A suicide car bomber detonated his vehicle in central Kabul as armed militants attacked a government security agency in the city. The massive blast took place near the defence ministry in the Afghan capital on 19 April, sending a stream of thick black smoke into the sky.

At least 28 people were killed and more than 300 wounded, officials said. The explosion was followed by bursts of gunfire as a number of gunmen launched an assault in the area that has been sealed off by authorities.

"Security forces are in a fight with an unknown number of armed insurgents right now," Mohammad Afzel, a police officer at the site, told AP. The attack, which was claimed by the Taliban, is believed to have targeted a security agency tasked with protecting high-ranking government officials.

Interior ministry spokesman Sediq Sediqqi told AFP: "The first blast was carried out by a suicide bomber in a car and possibly one or two bombers are still resisting. The scene of the attack has been completely cordoned off by Afghan security forces."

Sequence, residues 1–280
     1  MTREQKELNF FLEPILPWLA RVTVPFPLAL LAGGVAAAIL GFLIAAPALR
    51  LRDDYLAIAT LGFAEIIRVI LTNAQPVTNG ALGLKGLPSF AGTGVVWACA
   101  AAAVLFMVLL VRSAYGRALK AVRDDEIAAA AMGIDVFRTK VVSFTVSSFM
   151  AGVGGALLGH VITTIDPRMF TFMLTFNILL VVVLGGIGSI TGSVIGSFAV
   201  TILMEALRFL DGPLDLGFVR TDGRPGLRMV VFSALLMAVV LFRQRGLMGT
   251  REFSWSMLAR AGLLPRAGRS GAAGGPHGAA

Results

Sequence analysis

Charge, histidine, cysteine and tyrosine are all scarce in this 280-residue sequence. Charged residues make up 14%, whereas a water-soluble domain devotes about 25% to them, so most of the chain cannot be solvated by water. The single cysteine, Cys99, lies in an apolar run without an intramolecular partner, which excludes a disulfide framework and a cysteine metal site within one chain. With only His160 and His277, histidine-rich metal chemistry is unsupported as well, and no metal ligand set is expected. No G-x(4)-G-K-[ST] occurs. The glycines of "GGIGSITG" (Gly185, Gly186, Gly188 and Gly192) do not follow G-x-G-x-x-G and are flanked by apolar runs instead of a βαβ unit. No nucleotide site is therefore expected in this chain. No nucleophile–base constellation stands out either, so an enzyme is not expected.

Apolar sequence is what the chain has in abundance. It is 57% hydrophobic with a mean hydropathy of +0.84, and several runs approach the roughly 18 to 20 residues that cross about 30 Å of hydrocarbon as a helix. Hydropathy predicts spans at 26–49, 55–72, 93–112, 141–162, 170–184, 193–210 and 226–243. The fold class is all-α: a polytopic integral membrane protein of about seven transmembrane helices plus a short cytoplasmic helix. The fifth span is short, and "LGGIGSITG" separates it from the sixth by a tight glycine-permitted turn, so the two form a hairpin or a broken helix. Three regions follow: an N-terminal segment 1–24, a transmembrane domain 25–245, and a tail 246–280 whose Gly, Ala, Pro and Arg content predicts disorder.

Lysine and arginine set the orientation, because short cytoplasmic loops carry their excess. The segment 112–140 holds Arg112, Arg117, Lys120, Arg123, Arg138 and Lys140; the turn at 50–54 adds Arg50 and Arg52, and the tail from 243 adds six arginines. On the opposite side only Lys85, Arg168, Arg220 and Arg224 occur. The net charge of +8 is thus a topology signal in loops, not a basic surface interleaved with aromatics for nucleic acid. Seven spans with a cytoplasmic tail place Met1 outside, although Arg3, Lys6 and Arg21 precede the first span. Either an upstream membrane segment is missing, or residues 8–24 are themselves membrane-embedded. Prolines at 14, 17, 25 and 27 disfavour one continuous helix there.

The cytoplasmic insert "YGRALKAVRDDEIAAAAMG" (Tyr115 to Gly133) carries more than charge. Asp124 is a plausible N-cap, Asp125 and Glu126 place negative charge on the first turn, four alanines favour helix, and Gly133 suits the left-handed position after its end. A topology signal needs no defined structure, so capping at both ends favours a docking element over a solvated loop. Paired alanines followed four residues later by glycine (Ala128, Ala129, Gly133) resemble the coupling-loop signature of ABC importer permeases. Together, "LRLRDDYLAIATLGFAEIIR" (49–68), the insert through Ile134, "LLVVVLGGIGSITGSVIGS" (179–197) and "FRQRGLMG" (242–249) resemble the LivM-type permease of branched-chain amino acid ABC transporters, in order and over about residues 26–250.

President Ashraf Ghani condemned the attack in the "strongest possible terms", in a statement that deplored the loss of lives of innocent civilians. He said "many" people had been killed and injured in the attack, but did not specify a number.

"Today's terrorist attack near Pul-e-Mahmud Khan, Kabul clearly shows the enemy's defeat in face-to-face battle with ANSDF (Afghan National Defence and Security Forces)," Ghani added on Twitter.

The Public Health Ministry later confirmed 327 injured people, including women and children, were so far taken to local hospitals. Police put the number of fatalities to 28. Reuters reported that sirens were heard from the US embassy compound, but the embassy said that it was unaffected by the explosion.

The incident came just a week after the Taliban announced its annual spring offensive, vowing "large-scale attacks" against government strongholds in a bid to oust the Western-backed leadership from power.